31 “At that time,” declares the Lord, “I will be the God of all the families of Israel, and they will be my people.”
2 This is what the Lord says:
“The people who survive the sword
will find favor in the wilderness;
I will come to give rest to Israel.”
3 The Lord appeared to us in the past, saying:
“I have loved you with an everlasting love;
I have drawn you with unfailing kindness.
4 I will build you up again,
and you, Virgin Israel, will be rebuilt.
Again you will take up your timbrels
and go out to dance with the joyful.
5 Again you will plant vineyards
on the hills of Samaria;
the farmers will plant them
and enjoy their fruit.
6 There will be a day when watchmen cry out
on the hills of Ephraim,
‘Come, let us go up to Zion,
to the Lord our God.’”
(Jeremiah 31:1-6 NIV)
Verse 1 reiterates the promise the Lord made long ago to Abraham and Moses and repeated in verse 22 of Chapter 30 – that God would be their God, and they would be His people. Verse 1 is considered a “bridge” verse that ties together the previous sections of Chapter 30 with the subsequent sections of Chapter 31.
Notice that verse 1 says, “I will be the God of all the families of Israel”, indicating the reunification of the northern and southern tribes into one nation. Verse 2 points back to a united people that escaped from Egypt via God’s hand. The Exodus from Egypt (led by Moses) was something permanently etched in the mind of every Jewish person. Verse 2 goes on to talk about how the nation experienced God’s hand of favor, protection, and provision in the desert.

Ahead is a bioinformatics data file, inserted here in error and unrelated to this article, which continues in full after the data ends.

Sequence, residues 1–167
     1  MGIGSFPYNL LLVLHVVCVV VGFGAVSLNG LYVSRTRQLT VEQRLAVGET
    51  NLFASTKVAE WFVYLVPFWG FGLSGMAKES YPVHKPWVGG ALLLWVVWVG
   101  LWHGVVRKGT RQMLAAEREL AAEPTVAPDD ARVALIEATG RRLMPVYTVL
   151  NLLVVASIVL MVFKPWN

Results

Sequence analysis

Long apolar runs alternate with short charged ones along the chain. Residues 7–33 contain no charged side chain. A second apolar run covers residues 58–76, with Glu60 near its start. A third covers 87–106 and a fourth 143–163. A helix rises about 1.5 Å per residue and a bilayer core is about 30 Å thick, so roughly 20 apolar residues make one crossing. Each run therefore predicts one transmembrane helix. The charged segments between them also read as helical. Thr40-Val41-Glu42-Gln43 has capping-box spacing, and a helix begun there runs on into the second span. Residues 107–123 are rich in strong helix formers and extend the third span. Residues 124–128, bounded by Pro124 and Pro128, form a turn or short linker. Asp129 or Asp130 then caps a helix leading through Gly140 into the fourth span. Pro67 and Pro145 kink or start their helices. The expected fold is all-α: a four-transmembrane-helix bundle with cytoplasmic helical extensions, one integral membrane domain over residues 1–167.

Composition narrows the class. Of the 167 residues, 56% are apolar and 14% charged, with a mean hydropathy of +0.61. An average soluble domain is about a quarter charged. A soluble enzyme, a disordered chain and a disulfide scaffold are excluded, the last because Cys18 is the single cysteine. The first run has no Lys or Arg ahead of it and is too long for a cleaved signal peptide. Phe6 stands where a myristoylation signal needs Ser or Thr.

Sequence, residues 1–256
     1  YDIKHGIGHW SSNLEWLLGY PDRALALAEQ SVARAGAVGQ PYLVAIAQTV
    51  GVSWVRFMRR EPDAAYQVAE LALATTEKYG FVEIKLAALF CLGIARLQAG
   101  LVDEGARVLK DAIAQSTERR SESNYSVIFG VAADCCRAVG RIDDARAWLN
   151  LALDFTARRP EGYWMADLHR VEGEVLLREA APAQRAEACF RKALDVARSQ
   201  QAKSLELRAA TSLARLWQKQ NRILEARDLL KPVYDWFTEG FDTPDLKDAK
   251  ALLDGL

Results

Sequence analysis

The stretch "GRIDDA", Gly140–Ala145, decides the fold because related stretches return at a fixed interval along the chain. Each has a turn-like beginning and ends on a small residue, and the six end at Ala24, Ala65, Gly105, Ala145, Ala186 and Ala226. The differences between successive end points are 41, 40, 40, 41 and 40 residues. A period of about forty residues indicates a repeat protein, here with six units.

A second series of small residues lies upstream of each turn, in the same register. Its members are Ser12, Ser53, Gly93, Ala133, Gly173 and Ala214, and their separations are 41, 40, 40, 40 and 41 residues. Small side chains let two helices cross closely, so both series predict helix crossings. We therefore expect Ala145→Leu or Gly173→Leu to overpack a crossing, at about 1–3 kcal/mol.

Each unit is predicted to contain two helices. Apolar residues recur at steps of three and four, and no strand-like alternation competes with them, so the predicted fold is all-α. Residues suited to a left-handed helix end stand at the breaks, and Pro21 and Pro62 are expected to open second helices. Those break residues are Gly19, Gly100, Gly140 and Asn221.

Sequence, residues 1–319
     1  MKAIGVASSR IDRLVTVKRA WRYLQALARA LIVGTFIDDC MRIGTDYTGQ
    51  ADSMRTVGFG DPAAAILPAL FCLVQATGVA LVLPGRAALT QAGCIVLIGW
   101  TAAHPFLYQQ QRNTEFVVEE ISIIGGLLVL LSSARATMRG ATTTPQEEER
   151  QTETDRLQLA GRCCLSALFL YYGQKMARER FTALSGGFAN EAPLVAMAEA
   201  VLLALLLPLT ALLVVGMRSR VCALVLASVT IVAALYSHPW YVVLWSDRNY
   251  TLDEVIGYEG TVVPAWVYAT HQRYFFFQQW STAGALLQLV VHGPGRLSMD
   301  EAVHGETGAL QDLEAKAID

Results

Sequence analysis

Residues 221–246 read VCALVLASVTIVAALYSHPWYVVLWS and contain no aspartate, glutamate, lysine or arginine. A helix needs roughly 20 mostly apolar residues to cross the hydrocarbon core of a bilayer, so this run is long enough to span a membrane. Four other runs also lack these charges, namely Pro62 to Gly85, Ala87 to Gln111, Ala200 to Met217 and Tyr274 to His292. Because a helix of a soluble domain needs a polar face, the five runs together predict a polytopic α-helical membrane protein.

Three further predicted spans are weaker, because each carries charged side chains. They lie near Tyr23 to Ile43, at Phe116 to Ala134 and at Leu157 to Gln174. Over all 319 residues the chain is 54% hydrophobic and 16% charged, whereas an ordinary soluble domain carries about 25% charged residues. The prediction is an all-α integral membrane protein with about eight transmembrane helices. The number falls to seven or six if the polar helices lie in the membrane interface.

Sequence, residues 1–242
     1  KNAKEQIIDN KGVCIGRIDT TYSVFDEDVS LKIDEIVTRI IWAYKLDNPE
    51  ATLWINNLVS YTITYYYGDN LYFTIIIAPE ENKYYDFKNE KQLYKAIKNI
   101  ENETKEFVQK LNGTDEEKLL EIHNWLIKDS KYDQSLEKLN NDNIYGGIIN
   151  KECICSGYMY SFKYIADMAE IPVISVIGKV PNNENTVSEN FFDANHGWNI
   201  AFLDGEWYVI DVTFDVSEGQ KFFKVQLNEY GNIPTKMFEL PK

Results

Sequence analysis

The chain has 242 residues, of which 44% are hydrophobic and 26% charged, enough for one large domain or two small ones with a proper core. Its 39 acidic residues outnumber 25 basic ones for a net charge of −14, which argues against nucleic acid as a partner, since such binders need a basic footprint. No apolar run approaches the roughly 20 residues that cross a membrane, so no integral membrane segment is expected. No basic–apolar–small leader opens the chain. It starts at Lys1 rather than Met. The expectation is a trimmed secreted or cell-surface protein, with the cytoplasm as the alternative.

Verse 3 is the central point of today’s passage. The phrase “in the past” found in verse 3 is more literally translated “from afar” in the Hebrew, and means “long ago”. When God says “I have loved you with an everlasting love”, this is not a new revelation to the people or a recent discovery on God’s part. This love, both as a verb (action – doing) and a noun (character trait – being) is intrinsic to who God is.
The second phrase of verse 3 (“I have drawn you with unfailing kindness”) refers to a deep and abiding relationship between God and His people. This relationship is not with the chains of enslavement, but the heart-bonds of love. Hosea 11:4 expresses this as an adult who loves a child and bends down to feed them and hold them cheek-to-cheek. We understand this same expression of love when we sing “Blessed Be the Tie that Binds“.
Verse 4 speaks of the people rejoicing because of the rebuilding of Israel. Verse 5 looks forward to the day when agriculture will be viable once more – when crops grow, and the drought ends. The reference is to Samaria, the northern kingdom.
Verse 6 is the language of pilgrimage and the reunification of God’s people. People living in Ephriam (in the northern kingdom) will make their way to Jerusalem (Zion) in the southern kingdom to worship the Lord. This verse depicts a time of safety and security. The watchmen will be focused on worship, not war, on praising God, not watching for predators.
May we experience God holding us in His loving arms – to understand deep in our hearts what it means when God says “I have loved you with an everlasting love”.
To the extent that we experience God’s love, may we share His love with others around us – friends, strangers, neighbors, co-workers, family, acquaintances. It may be something we do for them, or as simple as who we are when we share a smile or a kind word.
Remember, God’s love is based on abundance, not scarcity. His love is available to all, and to be shared with everyone.
May this very favorite hymn of mine also be your experience today:
“The love of God is greater far
Than tongue or pen can ever tell;
It goes beyond the highest star,
And reaches to the lowest hell;
The guilty pair, bowed down with care,
God gave His Son to win;
His erring child He reconciled,
And pardoned from his sin.
“Could we with ink the ocean fill,
And were the skies of parchment made,
Were every stalk on earth a quill,
And every man a scribe by trade;
To write the love of God above
Would drain the ocean dry;
Nor could the scroll contain the whole,
Though stretched from sky to sky.
(The Love of God, Frederick M. Lehman, 1917, verses 1 and 3)